Honda CB500T – Vintage Motorcycle Tales

Nearly 40 years later, is Honda’s 1975 CB500T an elegant exclamation point or ill-conceived end point in an iconic line of bikes?

Sequels to a great movie are often berated in comparison to the original. Who even remembers that there was a sequel to the Blues Brothers? When Honda rolled out the now classic CB500T in 1975, it was something like that.

A decade earlier, Honda introduced the CB450, with performance and technology that trumped everything Honda had done before, it made the brand a contender for the bucks of serious motorcyclists world-wide.

The “Black Bomber,” as it came to be known, was the first street bike with an engine to feature double overhead cams; the kind of sophistication that prior to 1965 was the stuff of racing engines only.

Though the bike was on the heavy side at 450 lbs. ready to roll, the engine could rev unlike most of its push-rod rivals, producing peak power between 8500 and 9000 RPM. Despite early cam-chain tensioner problems and some tepid early reviews, the CB450 stayed in the product line for nearly 10 years, with refinements every year. Today, the CB450 variants are regarded as classics in their own right.

By 1975, the Honda line-up included a 350cc parallel twin, two 360cc parallel twins, a 400cc in-line four, and a 550cc in-line four. The need for the aging DOHC twin to continue in the mid-range of the line-up was a real question.

But, rather than drop the model, Honda decided to increase the stroke by 7mm, pumping the displacement up from the CB450’s 444cc to 498, and give it an unusual aesthetic make-over.

Those who anticipated a little more soup with the additional displacement would be disappointed – as would those who anticipated less vibration due to the taller gearing in the transmission.

The taller gearing reduced low-end punch and did little to tone down vibration in the grips and footpegs. What the model needed was a six speed and counterbalancer, but that would have taken major investment in engineering and re-tooling costs that would take time to recover; time Honda clearly knew the model didn’t have.

Those who expected the final edition of the venerable old twin to compete overall with much more recent designs and multi-cylinder bikes were the most disappointed of all.

On the other hand, maybe it was their expectations that missed the mark. For example, Cycle magazine, in it’s August 1976 issue threw the CB500T into a seven bike comparison with the likes of Honda’s own four cylinder CB550F, Kawasaki’s two-stroke triple KH 400, two Suzuki two-stoke triples — the 380 and 550 — Yamaha’s Harley-humbling RD400 two-stroke twin and the Yamaha XS500C twin.

Predictably, the CB500T got trounced like a pacifist in an extreme cage fight. Of all the bikes in that test, the only fair fight the 500T had was the Yamaha XS500C. In the seven bike comparison, the CB500T came in dead last.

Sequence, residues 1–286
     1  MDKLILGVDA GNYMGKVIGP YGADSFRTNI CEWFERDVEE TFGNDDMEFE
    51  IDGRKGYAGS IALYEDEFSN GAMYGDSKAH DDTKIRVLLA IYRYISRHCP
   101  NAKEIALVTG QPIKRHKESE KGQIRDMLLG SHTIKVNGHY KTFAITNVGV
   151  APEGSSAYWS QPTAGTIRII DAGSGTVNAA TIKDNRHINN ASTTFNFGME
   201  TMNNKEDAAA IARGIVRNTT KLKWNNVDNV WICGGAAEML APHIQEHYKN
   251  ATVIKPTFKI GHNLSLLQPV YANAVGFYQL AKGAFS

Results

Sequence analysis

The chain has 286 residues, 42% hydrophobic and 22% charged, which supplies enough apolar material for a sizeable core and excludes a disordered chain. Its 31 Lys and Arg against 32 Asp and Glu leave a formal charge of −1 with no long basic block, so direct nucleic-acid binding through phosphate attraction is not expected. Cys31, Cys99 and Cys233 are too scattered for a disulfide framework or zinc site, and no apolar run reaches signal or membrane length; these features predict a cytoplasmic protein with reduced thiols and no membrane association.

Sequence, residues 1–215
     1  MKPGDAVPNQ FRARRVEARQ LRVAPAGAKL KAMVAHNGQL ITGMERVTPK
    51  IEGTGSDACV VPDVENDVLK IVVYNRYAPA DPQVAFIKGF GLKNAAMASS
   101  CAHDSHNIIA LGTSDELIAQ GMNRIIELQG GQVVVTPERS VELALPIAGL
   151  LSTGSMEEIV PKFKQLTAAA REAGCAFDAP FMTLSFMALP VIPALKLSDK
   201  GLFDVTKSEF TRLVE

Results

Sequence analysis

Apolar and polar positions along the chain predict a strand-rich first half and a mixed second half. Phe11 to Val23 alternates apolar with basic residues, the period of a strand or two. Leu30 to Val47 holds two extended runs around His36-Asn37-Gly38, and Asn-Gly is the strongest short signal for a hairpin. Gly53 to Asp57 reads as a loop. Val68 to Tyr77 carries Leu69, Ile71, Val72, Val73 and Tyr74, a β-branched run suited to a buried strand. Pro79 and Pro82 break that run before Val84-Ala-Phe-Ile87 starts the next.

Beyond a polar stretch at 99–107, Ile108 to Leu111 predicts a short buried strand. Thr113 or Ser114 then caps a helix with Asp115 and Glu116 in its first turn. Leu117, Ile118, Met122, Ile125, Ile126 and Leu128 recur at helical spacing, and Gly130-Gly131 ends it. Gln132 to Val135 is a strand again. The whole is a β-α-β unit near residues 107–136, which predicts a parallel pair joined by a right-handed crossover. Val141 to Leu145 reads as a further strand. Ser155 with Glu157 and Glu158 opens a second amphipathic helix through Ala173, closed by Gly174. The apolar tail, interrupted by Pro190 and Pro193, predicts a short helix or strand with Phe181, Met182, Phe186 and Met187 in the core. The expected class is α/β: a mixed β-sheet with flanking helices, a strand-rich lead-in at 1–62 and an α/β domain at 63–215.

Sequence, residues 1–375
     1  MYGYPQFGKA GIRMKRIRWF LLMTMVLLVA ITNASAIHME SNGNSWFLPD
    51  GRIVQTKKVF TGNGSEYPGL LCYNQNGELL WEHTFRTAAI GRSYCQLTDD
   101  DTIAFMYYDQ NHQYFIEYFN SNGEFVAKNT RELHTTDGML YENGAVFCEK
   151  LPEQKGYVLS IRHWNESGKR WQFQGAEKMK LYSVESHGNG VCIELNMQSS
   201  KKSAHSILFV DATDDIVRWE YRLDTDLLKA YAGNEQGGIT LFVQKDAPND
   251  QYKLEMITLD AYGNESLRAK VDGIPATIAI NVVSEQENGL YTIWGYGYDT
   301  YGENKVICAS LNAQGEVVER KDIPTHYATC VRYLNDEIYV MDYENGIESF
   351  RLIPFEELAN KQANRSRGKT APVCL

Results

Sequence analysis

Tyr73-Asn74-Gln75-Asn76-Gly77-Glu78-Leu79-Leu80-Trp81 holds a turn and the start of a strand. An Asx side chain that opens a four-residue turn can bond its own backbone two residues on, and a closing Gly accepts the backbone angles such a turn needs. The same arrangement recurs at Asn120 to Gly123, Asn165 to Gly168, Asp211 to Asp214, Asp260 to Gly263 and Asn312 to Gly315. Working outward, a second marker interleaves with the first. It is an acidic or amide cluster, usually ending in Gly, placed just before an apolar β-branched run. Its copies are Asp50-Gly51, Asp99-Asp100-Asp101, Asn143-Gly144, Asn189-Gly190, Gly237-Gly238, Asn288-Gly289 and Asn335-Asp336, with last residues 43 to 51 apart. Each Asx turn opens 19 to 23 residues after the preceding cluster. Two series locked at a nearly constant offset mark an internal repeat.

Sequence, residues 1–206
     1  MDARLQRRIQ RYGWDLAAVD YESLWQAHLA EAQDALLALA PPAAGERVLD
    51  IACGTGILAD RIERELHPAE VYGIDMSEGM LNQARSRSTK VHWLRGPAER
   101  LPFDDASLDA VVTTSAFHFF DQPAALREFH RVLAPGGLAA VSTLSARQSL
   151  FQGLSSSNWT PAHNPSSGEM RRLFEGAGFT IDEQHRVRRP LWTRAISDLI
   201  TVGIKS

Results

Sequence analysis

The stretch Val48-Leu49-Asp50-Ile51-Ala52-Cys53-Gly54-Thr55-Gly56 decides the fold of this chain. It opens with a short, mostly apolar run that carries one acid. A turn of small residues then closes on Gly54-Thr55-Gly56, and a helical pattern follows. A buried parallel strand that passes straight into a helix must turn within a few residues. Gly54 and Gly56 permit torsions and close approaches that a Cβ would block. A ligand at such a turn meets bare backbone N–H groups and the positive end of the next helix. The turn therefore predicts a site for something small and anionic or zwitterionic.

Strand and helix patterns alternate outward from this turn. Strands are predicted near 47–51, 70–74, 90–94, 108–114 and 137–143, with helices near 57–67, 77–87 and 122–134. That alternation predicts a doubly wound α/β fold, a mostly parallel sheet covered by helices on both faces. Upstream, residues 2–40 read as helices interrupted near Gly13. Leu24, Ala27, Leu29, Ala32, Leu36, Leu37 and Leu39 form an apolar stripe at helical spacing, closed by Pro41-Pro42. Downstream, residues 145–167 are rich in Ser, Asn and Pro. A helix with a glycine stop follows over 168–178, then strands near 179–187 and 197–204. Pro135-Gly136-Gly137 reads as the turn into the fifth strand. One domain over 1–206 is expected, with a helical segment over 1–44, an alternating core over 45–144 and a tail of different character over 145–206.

Ironically, there actually was a head-to-head comparison done between the two—in the June, 1975 issue of Cycle World magazine. In that contest, it was the Honda that came out on top, beating the Yam in quarter mile time (both plodded through at over 14 seconds and under 90 mph) and in passing times. The two tied in top speed at 103 mph, but the Honda was rated as more comfortable and serviceable.

If the performance of the CB500T didn’t set it apart from the old 450, its appearance certainly did. At a time when café racer and multi-cylinder mania gripped the motorcycle-buying public, Honda wrapped the CB500T in conservative vintage Brit-bike brown, with gold pinstriping and a brown seat.

Pipes shaped along Triumph T-100 lines that led to big mufflers vaguely resembling the old “pea-shooter” silencers complete the war surplus late-forties look. Those big mufflers muzzle the Honda’s high-RPM snarl down to a barely audible 75 dbA, adding to the bike’s understated personality.

The same year Honda’s other bikes came in dazzling colors like Antares red and shocking lemon yellow, the 500T was available in a dour brown. The color scheme didn’t seem to make sense.

The one thing everyone seemed to agree on was that the 500T was substantial. It’s overall design was well-proven, the engine, transmission and electrics were all generally bullet-proof. If you could leave aside poor cornering clearance, ho-hum engine performance, fair-to-middlin’ brakes, and stogy presentation in favor of a bike that reliably starts and runs when you need it, the CB500T could be the bike for you.

Forty years later, how well does the bike actually hold up? As predicted back in the day: very well, thank you. Unlike many older bikes that tend to be cold-blooded, the 500T will even start in Wisconsin’s winter cold.

The bike’s short comings fade from view when the ride plays to the bike’s strengths, like a leisurely day-trip along the shore of Lake Superior. Up there, rugged country and magnetic iron ore deposits create dead zones where your cell phone won’t work in the event of a breakdown, so the old Honda’s faultless reliability makes the lower quarter-mile E.T.s of less staid machines unimportant.

The CB500T’s place among classic and vintage motorcycles may be coming into clearer, fairer view theses days. It is being viewed more as a great vintage bike, even as a worthy collectible to some buyers.

Does that put the CB500T in the same class with the Black Bomber? Maybe not, but at least it keeps it from being known as the “Brown Bomb.”